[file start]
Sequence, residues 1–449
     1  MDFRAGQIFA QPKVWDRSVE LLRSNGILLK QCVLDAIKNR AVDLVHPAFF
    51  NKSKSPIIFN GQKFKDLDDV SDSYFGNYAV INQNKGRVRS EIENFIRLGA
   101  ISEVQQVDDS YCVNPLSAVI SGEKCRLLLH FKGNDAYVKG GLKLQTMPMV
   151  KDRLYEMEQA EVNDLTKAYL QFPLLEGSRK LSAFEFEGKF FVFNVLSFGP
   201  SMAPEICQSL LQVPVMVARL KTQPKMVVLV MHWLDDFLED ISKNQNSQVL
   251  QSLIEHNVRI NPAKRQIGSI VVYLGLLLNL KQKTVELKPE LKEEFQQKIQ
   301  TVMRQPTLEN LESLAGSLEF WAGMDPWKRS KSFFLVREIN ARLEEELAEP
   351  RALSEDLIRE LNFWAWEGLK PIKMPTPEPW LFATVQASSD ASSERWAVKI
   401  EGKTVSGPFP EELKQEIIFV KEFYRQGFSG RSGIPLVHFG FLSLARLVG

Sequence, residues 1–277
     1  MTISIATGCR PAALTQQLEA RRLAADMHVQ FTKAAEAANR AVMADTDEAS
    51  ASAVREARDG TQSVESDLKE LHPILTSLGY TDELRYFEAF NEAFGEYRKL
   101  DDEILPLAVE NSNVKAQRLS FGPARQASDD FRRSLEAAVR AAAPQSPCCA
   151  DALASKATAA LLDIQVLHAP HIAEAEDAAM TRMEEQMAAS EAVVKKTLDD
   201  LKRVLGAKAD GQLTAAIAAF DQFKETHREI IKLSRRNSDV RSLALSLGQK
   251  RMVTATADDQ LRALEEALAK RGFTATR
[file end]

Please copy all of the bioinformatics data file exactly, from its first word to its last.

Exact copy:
Sequence, residues 1–449
     1  MDFRAGQIFA QPKVWDRSVE LLRSNGILLK QCVLDAIKNR AVDLVHPAFF
    51  NKSKSPIIFN GQKFKDLDDV SDSYFGNYAV INQNKGRVRS EIENFIRLGA
   101  ISEVQQVDDS YCVNPLSAVI SGEKCRLLLH FKGNDAYVKG GLKLQTMPMV
   151  KDRLYEMEQA EVNDLTKAYL QFPLLEGSRK LSAFEFEGKF FVFNVLSFGP
   201  SMAPEICQSL LQVPVMVARL KTQPKMVVLV MHWLDDFLED ISKNQNSQVL
   251  QSLIEHNVRI NPAKRQIGSI VVYLGLLLNL KQKTVELKPE LKEEFQQKIQ
   301  TVMRQPTLEN LESLAGSLEF WAGMDPWKRS KSFFLVREIN ARLEEELAEP
   351  RALSEDLIRE LNFWAWEGLK PIKMPTPEPW LFATVQASSD ASSERWAVKI
   401  EGKTVSGPFP EELKQEIIFV KEFYRQGFSG RSGIPLVHFG FLSLARLVG

Sequence, residues 1–277
     1  MTISIATGCR PAALTQQLEA RRLAADMHVQ FTKAAEAANR AVMADTDEAS
    51  ASAVREARDG TQSVESDLKE LHPILTSLGY TDELRYFEAF NEAFGEYRKL
   101  DDEILPLAVE NSNVKAQRLS FGPARQASDD FRRSLEAAVR AAAPQSPCCA
   151  DALASKATAA LLDIQVLHAP HIAEAEDAAM TRMEEQMAAS EAVVKKTLDD
   201  LKRVLGAKAD GQLTAAIAAF DQFKETHREI IKLSRRNSDV RSLALSLGQK
   251  RMVTATADDQ LRALEEALAK RGFTATR